Work Out While Traveling

From the WebMD Archives

By Jay Williams, Ph.D.

A little commitment and planning can go a long way toward helping you stay in shape when you travel. I like to use the E.S.C.A.P.E. route when calculating how I will best stick to my daily fitness routine when on a trip.

Easy: Nobody wants to add more stress to traveling.

Scalable: Scale to your energy levels.

Convenient: No one wants to travel extra miles to find a workout option.

Adaptable: Hotel gyms can be limited, so have a plan B as a backup.

Portable: Pack travel-friendly workout accessories.

Effective: Plan workouts that are time and energy efficient but get the job done.

Your Itinerary

Research Your Options: Contact the hotel and ask about on-site or nearby fitness facilities. If none are available, bring your own portable gym. Make sure to inquire about safe walking and running trails.

Mandatory Packables: Your swimsuit, jump rope, heart rate monitor and resistance tubing or band should be packed and accessible. Prepackaged kits that come with exercises are also good options; try Fit Kit or AquaBell Travel Weights. The latter is an innovative set of dumbbells that fits into your briefcase or carry-on. Just fill them with water at your destination, and they can provide up to 16 pounds of resistance per dumbbell.

Get More Mileage

Move It: Wear your walking or running shoes and workout clothes when you travel, so you can jog or take a brisk walk in the airport or train station. Incorporating some movement into the travel day will prevent aches and pains and help to lower your risk of blood clotting, not to mention bloating.

Arrive In One Piece

Economy-airplane seat width is usually 17 or 18 inches, with mere centimeters in front of your knees. If you are anticipating walking off the plane with stiff hips, knees and back, the following techniques are must-dos in the airport or on the plane.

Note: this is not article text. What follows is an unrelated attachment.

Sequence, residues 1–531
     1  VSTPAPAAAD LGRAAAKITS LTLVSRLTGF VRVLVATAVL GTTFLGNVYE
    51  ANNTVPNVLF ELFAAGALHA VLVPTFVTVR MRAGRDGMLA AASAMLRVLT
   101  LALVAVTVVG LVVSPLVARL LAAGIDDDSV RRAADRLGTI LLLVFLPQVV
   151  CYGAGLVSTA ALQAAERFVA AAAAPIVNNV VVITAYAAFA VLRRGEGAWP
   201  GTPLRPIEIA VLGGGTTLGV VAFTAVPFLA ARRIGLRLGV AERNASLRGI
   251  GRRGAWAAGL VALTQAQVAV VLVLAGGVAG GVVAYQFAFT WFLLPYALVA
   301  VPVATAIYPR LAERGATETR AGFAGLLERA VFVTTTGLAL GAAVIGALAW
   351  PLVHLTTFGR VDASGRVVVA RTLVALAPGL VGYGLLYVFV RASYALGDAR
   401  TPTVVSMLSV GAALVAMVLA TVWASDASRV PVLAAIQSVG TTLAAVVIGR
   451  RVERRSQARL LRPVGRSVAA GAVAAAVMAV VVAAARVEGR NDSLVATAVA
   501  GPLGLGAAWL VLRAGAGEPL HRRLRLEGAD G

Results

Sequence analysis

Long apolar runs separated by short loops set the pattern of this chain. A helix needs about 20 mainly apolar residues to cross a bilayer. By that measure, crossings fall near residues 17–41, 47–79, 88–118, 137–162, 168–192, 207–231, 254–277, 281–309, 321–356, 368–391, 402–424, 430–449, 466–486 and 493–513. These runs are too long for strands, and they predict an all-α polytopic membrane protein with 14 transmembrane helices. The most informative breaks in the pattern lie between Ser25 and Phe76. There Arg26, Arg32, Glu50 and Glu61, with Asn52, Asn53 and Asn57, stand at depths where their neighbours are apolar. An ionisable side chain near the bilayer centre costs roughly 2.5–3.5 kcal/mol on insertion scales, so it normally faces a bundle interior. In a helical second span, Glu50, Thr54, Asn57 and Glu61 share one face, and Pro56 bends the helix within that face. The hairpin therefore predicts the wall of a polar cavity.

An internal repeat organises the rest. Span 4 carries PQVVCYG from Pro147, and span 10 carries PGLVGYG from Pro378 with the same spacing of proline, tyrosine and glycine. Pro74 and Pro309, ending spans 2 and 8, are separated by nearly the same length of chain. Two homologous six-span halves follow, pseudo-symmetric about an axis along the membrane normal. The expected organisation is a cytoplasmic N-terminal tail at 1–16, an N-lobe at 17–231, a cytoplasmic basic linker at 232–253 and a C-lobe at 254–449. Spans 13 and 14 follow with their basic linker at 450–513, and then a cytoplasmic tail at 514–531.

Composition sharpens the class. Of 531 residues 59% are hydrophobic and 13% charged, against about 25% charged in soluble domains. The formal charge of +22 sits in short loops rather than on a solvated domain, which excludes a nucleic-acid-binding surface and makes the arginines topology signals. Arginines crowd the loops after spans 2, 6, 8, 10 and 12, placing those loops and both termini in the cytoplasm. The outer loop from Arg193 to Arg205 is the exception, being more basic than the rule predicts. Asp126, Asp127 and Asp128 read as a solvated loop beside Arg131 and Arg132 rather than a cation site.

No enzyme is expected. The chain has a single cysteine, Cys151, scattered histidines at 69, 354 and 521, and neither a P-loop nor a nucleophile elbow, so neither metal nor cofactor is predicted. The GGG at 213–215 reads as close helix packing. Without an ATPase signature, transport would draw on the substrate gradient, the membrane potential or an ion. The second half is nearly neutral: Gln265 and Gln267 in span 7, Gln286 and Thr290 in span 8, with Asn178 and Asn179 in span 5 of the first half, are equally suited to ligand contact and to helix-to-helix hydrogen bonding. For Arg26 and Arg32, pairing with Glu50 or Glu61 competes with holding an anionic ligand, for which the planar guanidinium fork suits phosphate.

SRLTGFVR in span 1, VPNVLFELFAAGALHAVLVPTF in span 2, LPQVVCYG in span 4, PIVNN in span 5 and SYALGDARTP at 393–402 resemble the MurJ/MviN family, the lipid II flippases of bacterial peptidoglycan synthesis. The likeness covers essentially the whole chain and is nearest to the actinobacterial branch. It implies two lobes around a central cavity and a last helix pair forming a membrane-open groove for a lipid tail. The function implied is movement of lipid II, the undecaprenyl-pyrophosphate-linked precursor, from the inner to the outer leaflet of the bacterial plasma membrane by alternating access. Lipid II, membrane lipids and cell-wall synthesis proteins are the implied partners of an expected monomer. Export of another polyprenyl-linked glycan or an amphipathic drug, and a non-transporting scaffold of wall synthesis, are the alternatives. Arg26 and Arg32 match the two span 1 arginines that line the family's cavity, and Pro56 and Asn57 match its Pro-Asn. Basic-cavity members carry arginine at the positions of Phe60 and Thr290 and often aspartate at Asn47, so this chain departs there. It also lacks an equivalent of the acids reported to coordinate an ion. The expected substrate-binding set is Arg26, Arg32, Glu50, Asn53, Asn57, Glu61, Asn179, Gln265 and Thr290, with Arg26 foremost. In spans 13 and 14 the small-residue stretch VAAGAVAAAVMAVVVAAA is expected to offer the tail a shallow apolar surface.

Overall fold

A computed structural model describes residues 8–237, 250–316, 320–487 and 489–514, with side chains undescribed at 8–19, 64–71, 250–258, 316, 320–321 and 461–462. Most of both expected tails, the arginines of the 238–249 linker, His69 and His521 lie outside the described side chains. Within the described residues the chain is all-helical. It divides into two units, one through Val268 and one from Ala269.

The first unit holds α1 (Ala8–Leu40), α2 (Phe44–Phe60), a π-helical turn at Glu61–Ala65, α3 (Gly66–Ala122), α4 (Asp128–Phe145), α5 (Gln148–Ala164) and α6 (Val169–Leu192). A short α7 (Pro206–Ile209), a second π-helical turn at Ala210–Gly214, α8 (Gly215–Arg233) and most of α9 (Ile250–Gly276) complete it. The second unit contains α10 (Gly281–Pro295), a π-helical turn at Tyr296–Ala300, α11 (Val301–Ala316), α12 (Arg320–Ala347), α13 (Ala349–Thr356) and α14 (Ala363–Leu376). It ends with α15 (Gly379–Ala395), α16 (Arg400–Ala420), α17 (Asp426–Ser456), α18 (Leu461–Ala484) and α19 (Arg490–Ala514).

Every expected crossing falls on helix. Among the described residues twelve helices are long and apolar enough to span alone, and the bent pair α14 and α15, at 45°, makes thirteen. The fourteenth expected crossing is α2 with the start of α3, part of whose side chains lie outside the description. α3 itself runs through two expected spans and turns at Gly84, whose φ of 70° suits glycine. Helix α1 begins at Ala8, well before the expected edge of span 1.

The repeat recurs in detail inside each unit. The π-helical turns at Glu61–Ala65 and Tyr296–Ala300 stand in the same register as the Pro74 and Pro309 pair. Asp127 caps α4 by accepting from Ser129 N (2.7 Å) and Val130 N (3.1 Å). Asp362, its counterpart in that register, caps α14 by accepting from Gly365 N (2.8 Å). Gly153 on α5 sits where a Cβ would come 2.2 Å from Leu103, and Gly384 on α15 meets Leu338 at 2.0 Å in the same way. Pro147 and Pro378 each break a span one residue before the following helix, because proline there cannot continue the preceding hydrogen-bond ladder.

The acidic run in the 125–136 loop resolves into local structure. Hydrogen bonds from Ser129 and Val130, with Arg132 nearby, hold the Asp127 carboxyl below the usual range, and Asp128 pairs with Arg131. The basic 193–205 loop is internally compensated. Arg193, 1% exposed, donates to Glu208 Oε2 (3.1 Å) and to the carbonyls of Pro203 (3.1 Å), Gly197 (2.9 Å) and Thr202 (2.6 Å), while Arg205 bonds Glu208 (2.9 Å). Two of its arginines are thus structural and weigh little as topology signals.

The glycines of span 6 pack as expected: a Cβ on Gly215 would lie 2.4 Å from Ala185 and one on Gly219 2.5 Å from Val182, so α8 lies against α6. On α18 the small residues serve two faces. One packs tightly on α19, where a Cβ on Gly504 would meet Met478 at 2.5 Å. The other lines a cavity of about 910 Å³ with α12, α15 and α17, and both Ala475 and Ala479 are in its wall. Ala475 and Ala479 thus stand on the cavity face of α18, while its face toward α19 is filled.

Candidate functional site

Backache Relief: To relieve pressure on your back, keep your knees higher than your hips. This can be accomplished by placing your carry-on under your feet and will help relieve pressure and strain -- especially in the sciatic nerve area.

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Knees, Calves, Ankles: Lift your heels up so that only the balls of your feet are on the floor, then reverse the movement and lift your toes with the heels on the floor. Continue in a back-and-forth pattern. You can also “spell the alphabet” with your feet (this doubles as a distraction to pass the long flight time).

Core Strengtheners: Sit up as tall as you can, and lift one foot three to six inches off the floor. Hold for five to 10 seconds, or longer. Repeat with the other foot for a total of 15 repetitions.

Triceps And Shoulders: Place your hands on your armrests and push up, lifting your rear end off the seat. Hover over your seat for up to 20 seconds before coming back down. Breathe normally, but hold your abdominal muscles in to work your core.

Modified Down Dog: Place your fingertips on any available wall at hip height. (If you get strange glances, make it look like you’re waiting to use the bathroom.) Walk your feet back and bend from your hips until your legs and torso form a 90-degree angle with the floor, ankles directly underneath your hips. This move is optimal for stretching your chest, shoulders, back and hamstrings while relieving lower back pain. On a related note, CNN Airplane Yoga offers a complete program for yoga aficionados who have no problem with doing yoga in public while curious strangers look on.

Survival (Upon Arrival) Of The Fittest

Hit The Ground Running: Even though we experience some stress and fatigue with travel, studies have shown that exercise performance can remain the same even after crossing several time zones. Thirty minutes of exercise when you arrive will buffer the effects of travel stress. Bonus: A power walk will help you familiarize yourself with your surrounding area (take along a resistance band, too!).

Stay On Your Home Clock: If you're accustomed to early morning, noon or evening workouts, try to exercise at the same time when you travel.

Make New Friends: Check ahead to see if there’s a local run club and tag along. If you're in NYC, contact The Running Center for visitors' running classes.

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Hotel Room Gym: Use the toys you packed for an in-room “gym” session. (Option: Use online fitness/yoga classes or fitness apps to guide you through your workout.)

Halls And Stairs For Cardio: My favorite buns workout is climbing up hotel stairs and doing wide-leg squats in the elevator going down. (Repeat as needed.)

Swim Laps: No hotel pool? Use the local Y.

WebMD Feature from Turner Broadcasting System
© Turner Broadcasting System, Inc.

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